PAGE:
Indications are that this will not be a problem. There are around 30 million petrol and diesel cars in the UK, but these will not be replaced overnight, and the phase-in of EVs will be gradual. Assuming new-car sales figures continue at their current pace of roughly two million a year, it’ll be 15 years before the UK’s petrol and diesel cars are replaced.
National Grid has previously stated that “enough capacity exists” for the transition to EVs, while its modelling predicts that even if all the UK’s cars became electric overnight, demand would only increase by 10 per cent.
Furthermore, smart charging, where EVs communicate with the electricity network and vice versa, will see charging take place during times of off-peak demand for many drivers. Energy firms are trying to get the right, however, to switch off charging EVs if the network can’t cope.
What about mining materials such as cobalt and lithium? Aren’t there environmental concerns and worries over working conditions related to battery materials?
Yes, there are. An Auto Express investigation from 2018 revealed a number of manufacturers make cars with batteries containing cobalt from the Democratic Republic of Congo, a country where unlicensed mines and child workers both exist.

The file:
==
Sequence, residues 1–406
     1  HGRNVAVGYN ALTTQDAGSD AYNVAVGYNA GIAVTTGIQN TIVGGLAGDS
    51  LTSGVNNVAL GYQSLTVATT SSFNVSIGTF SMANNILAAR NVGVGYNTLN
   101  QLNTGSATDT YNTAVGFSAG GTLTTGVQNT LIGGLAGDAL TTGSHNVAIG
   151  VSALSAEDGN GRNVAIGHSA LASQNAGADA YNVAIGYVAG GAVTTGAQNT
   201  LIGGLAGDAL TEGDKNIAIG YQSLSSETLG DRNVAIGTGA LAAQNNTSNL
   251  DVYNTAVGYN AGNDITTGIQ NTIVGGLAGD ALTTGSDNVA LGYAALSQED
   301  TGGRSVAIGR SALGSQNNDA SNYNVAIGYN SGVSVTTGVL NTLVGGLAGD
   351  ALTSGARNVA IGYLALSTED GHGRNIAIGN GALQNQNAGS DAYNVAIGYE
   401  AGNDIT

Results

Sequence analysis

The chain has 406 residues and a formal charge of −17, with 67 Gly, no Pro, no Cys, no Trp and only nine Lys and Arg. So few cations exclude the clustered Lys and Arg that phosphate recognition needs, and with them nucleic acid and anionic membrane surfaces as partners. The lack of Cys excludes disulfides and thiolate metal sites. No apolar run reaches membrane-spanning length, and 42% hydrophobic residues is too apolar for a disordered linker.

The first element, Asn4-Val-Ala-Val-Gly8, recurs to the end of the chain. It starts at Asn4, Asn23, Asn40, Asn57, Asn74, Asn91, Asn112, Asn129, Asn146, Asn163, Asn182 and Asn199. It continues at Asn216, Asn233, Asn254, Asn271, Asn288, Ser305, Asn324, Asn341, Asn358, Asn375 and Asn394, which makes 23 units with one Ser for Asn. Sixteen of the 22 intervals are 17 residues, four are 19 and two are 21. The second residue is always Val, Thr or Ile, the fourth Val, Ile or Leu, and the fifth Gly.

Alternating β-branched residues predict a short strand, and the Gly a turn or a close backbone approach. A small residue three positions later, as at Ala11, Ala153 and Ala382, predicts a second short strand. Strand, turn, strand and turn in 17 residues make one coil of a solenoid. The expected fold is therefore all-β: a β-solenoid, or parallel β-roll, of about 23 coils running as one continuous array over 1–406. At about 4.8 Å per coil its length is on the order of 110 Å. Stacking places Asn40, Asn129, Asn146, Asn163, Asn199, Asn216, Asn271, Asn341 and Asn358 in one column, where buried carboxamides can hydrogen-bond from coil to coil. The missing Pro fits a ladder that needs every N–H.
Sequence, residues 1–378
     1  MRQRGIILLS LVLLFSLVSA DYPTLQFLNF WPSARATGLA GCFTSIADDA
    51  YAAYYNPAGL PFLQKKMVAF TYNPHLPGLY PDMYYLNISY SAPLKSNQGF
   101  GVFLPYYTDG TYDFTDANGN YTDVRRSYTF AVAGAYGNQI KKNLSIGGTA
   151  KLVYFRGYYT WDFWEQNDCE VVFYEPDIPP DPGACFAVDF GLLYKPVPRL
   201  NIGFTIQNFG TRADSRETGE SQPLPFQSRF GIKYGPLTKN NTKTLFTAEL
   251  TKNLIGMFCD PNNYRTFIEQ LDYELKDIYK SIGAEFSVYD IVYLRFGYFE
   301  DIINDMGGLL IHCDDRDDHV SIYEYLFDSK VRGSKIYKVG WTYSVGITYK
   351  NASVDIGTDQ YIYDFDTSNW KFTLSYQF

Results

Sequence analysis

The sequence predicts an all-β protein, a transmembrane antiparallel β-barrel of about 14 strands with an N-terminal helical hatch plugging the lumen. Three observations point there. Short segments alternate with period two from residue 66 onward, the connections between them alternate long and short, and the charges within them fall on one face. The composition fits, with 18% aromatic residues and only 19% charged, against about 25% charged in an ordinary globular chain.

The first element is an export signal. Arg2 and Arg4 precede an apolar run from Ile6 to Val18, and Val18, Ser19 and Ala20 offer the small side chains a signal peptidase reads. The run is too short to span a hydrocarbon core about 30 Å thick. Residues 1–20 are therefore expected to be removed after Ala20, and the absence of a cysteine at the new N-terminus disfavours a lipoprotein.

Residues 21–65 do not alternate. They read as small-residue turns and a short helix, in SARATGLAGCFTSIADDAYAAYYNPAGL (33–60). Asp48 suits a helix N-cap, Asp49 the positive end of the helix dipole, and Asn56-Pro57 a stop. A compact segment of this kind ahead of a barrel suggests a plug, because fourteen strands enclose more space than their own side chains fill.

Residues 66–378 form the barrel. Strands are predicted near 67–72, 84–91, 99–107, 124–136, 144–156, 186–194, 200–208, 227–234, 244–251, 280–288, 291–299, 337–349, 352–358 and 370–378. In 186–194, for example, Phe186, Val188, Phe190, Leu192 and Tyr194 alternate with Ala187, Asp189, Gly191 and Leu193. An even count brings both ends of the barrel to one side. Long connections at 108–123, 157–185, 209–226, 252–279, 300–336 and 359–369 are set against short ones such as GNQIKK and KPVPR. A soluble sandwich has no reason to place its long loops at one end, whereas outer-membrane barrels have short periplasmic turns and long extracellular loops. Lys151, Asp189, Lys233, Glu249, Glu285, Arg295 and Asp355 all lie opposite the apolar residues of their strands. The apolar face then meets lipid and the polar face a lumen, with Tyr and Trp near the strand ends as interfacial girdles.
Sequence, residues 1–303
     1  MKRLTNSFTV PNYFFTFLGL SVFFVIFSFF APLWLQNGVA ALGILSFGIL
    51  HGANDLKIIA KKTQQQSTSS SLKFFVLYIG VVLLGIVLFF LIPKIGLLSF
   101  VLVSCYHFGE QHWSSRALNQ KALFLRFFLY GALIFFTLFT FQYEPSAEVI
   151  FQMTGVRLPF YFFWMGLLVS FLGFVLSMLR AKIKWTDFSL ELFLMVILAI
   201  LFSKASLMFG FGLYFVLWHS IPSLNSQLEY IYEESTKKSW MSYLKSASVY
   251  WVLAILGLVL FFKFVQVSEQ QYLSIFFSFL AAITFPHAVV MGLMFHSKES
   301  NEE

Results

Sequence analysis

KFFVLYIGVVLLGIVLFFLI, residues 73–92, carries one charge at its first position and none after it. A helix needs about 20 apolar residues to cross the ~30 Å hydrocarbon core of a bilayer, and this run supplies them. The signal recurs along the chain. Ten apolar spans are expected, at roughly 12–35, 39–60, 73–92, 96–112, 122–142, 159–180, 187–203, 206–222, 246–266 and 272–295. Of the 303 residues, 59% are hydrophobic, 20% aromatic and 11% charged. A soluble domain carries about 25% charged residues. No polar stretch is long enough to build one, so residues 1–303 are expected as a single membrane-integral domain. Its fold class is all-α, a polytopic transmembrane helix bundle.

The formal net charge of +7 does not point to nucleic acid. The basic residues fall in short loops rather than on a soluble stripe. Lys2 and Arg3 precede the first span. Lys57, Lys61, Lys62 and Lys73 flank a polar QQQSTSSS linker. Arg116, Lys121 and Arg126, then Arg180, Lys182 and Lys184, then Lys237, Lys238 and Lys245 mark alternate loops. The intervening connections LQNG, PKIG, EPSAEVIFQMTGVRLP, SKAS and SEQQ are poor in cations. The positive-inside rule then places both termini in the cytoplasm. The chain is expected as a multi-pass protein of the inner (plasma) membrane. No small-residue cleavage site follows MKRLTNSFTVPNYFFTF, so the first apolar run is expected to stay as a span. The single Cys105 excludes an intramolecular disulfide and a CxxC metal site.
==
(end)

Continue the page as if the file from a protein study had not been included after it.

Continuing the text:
Manufacturers are working to tackle this issue, though, with Volvo using blockchain technology to track the provenance of battery materials, and Tesla greatly reducing the amount of cobalt in its batteries, for example.
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2030 ICE ban: industry reaction
Mike Hawes, chief executive of the Society of Motor Manufacturers and Traders (SMMT), said the UK car industry shares the "government’s ambition for leadership in decarbonising road transport and are committed to the journey. Manufacturers have invested billions to deliver vehicles that are already helping thousands of drivers switch to zero, but this new deadline, fast-tracked by a decade, sets an immense challenge."